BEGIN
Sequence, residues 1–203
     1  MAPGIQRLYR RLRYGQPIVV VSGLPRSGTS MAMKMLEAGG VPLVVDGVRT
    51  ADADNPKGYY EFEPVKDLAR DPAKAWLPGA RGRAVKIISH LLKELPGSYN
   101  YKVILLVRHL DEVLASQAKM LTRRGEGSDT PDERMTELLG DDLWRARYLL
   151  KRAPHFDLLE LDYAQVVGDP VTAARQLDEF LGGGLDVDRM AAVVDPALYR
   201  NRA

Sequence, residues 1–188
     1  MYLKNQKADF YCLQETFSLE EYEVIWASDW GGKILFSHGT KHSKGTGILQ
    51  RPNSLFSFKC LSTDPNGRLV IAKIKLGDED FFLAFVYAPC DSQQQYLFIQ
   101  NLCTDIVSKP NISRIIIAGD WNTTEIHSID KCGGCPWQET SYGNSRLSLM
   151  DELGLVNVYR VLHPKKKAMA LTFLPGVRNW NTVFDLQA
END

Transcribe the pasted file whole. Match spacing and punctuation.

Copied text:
Sequence, residues 1–203
     1  MAPGIQRLYR RLRYGQPIVV VSGLPRSGTS MAMKMLEAGG VPLVVDGVRT
    51  ADADNPKGYY EFEPVKDLAR DPAKAWLPGA RGRAVKIISH LLKELPGSYN
   101  YKVILLVRHL DEVLASQAKM LTRRGEGSDT PDERMTELLG DDLWRARYLL
   151  KRAPHFDLLE LDYAQVVGDP VTAARQLDEF LGGGLDVDRM AAVVDPALYR
   201  NRA

Sequence, residues 1–188
     1  MYLKNQKADF YCLQETFSLE EYEVIWASDW GGKILFSHGT KHSKGTGILQ
    51  RPNSLFSFKC LSTDPNGRLV IAKIKLGDED FFLAFVYAPC DSQQQYLFIQ
   101  NLCTDIVSKP NISRIIIAGD WNTTEIHSID KCGGCPWQET SYGNSRLSLM
   151  DELGLVNVYR VLHPKKKAMA LTFLPGVRNW NTVFDLQA